Meghan Musnicki, poetic pride of Naples, is veteran leader of dominant U.S. women’s eight

Meghan Musnicki
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When Meghan Musnicki returned home to Naples, N.Y., after winning 2012 Olympic rowing women’s eight gold, she was feted with a congratulatory banner, a parade and a poem.

“I rode in the back of a convertible, and my nana got put in a Camaro and was driven down the center of Main Street,” Musnicki said.

The town’s poet laureate, Hank Ranney, read to Musnicki in front of a good chunk of the 2,500 natives of Naples in western New York.

Here’s what he said:

Meghan Musnicki, now that’s a name to remember.
A 2012 Olympic team member.
That’s a time in her life she’ll never forget
and neither will we. On this you can bet.

Yes, you and your team set out on a quest,
and you got the Gold Medal, proving you were the best.
Your friends and family are so proud of you
and we’re honored to share this moment with you.

You competed so all of the world could see,
representing your country…our land of the free.
So cherish those moments. They’re yours to behold.
We’re proud of you girl. You got the GOLD!!

 

Naples may have to prepare another ceremony next year.

Musnicki, 32, was the lone member of the 2012 Olympic eight crew who made the team for this past summer’s World Championships. In fact, she’s made five straight World Championships teams in the event dating to 2010.

Musnicki is part of one of the most dominant teams in U.S. Olympic history. The women’s eight has won 10 straight global titles — the last two Olympics and every World Championship starting with 2006.

“A lot of the younger athletes, I’ll recommend that they go talk to Meghan,” U.S. women’s coach Tom Terhaar said.

That’s because Musnicki was cut three times from the U.S. rowing team before her Olympic debut, the last failure in 2009.

“It was made totally clear to her that if she doesn’t improve, she’s not going to make it,” Terhaar said.

So Musnicki poured every last drop into her training and came back that fall for a 6000m erg test, a rowing machine drill that takes a little more than 20 minutes for elite women. The work Musnicki had put in since that third cut would show in her final time.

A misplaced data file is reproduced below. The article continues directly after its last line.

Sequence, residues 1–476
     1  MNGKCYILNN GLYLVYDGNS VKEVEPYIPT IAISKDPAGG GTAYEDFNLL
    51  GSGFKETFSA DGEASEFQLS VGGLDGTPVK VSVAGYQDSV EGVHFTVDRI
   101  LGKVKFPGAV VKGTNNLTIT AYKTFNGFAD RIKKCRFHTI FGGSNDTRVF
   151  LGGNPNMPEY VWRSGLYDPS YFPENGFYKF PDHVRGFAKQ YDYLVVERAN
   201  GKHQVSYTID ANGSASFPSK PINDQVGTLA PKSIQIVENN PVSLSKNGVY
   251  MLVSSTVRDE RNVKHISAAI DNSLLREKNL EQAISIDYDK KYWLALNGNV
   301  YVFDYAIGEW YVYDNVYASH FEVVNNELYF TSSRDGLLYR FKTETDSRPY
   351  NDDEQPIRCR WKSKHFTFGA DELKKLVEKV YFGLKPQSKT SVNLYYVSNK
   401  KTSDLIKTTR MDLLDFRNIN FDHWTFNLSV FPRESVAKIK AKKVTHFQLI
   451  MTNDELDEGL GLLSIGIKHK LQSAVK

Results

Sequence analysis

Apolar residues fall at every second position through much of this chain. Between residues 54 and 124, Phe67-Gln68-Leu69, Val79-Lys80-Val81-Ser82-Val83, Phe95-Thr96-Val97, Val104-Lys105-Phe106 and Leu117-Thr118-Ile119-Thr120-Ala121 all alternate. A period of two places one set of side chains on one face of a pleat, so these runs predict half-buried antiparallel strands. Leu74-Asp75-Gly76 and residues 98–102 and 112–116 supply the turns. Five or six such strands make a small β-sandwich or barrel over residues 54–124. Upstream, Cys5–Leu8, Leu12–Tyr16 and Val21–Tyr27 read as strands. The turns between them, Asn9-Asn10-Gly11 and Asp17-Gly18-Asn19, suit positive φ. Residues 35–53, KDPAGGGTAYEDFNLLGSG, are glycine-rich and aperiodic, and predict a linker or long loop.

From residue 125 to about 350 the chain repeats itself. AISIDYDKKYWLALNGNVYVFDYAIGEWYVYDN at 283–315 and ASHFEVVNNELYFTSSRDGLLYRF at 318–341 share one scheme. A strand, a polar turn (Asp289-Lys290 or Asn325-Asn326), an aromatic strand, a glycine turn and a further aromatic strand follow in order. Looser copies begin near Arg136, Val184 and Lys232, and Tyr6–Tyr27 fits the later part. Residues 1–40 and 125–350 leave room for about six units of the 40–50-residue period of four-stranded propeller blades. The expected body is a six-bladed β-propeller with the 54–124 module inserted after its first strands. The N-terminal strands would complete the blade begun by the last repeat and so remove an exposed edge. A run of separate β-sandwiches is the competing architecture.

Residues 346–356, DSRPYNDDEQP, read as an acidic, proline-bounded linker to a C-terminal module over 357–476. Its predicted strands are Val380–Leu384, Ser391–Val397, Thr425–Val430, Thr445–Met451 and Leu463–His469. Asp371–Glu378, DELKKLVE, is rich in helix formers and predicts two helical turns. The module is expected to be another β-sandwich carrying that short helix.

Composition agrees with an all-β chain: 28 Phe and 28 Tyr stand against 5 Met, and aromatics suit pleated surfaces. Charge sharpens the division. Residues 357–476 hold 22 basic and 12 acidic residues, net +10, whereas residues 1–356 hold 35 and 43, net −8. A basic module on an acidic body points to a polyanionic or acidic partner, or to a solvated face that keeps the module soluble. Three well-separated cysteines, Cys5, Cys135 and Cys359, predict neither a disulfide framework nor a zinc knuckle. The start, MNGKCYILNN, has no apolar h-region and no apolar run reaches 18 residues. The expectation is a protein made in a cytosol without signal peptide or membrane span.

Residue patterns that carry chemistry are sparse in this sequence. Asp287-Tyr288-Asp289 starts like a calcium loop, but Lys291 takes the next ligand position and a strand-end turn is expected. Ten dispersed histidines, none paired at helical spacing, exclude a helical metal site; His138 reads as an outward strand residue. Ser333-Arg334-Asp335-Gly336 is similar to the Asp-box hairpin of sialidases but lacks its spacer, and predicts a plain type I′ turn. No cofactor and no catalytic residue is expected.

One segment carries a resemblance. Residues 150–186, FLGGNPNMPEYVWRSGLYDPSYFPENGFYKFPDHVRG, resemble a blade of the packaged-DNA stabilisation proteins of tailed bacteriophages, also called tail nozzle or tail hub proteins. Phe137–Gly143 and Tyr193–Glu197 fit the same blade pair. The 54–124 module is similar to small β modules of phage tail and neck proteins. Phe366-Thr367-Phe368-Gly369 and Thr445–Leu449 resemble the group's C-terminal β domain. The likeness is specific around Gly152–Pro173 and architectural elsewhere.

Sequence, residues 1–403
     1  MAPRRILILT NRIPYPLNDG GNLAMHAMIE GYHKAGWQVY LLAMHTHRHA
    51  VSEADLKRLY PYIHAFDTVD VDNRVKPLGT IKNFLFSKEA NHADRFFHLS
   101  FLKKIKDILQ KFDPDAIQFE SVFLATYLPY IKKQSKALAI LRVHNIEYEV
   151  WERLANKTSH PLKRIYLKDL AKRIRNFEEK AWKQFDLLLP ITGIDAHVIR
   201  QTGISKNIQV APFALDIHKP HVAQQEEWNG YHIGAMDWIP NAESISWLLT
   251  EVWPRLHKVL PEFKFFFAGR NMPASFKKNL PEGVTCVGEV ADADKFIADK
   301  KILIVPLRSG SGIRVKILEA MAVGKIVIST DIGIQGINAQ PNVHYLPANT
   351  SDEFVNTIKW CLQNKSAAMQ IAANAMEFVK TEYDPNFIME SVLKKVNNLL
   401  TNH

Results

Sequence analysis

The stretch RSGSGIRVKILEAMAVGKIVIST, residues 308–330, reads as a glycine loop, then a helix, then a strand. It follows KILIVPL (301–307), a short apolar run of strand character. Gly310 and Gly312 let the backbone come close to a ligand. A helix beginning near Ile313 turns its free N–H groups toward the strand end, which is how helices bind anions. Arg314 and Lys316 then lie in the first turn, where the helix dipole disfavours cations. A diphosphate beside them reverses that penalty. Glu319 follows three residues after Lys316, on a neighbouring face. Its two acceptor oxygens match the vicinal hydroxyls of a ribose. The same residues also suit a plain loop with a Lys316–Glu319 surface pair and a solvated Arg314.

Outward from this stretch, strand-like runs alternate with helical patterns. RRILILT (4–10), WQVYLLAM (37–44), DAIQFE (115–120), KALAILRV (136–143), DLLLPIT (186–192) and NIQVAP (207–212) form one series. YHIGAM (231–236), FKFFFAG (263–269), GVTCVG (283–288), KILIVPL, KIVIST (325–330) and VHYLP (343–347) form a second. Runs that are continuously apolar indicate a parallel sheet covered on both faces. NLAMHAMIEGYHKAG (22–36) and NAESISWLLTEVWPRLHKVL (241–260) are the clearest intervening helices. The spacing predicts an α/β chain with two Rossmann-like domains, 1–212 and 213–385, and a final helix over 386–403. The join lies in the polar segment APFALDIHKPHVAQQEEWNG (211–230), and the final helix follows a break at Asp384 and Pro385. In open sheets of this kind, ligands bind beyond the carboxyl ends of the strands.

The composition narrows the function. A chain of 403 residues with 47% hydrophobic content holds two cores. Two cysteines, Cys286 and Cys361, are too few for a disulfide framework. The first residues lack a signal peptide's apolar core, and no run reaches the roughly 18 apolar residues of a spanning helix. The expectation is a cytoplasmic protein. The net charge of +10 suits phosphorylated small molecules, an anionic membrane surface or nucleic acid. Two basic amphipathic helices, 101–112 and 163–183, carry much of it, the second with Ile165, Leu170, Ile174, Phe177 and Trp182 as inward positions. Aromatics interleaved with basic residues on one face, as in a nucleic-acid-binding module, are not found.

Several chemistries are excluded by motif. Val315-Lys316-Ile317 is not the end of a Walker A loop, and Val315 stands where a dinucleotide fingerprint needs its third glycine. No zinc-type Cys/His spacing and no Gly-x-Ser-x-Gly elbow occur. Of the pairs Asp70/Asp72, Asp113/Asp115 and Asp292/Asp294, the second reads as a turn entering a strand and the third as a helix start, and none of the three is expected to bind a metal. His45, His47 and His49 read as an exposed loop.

“I wanted to make sure that I had given it everything I could possibly give it. So if, in fact, it didn’t happen, I could walk away from it saying I gave it everything I can,” Musnicki said. “It’s hugely a team sport, but in order to get yourself onto the team, you have to be able to ask from yourself more than you’ve ever asked.”

The result? Musnicki chopped 30 seconds off her previous personal best.

“That was the moment where I was like, OK, this kid did do the work,” Terhaar said.

Musnicki hasn’t missed a team since, living and training in Princeton, N.J. She was part of the eight crew that repeated as Olympic champion in London and could be the only returning Olympian on the 2016 team, should she keep her streak going next year.

Mary Whipple, the 2004, 2008 and 2012 Olympic coxswain now retired, said Musnicki told her during the second week of the London Games that her eyes were set on Rio 2016.

“There’s nothing going to hold her back, barring injury,” Whipple said.

Musnicki grew up competing in other team sports in Naples (where she is one of two notable past residents on the town’s Wikipedia page) and was a basketball player as a freshman at St. Lawrence University in upstate New York when a coach suggested she row.

Musnicki, a lover of Naples’ staple grape pies and Christian Louboutin designer shoes, evolved to help earn two Division III national titles at Ithaca College, where she transferred to be closer to her mom in Naples following her father’s death due to a heart attack when she was a freshman at St. Lawrence.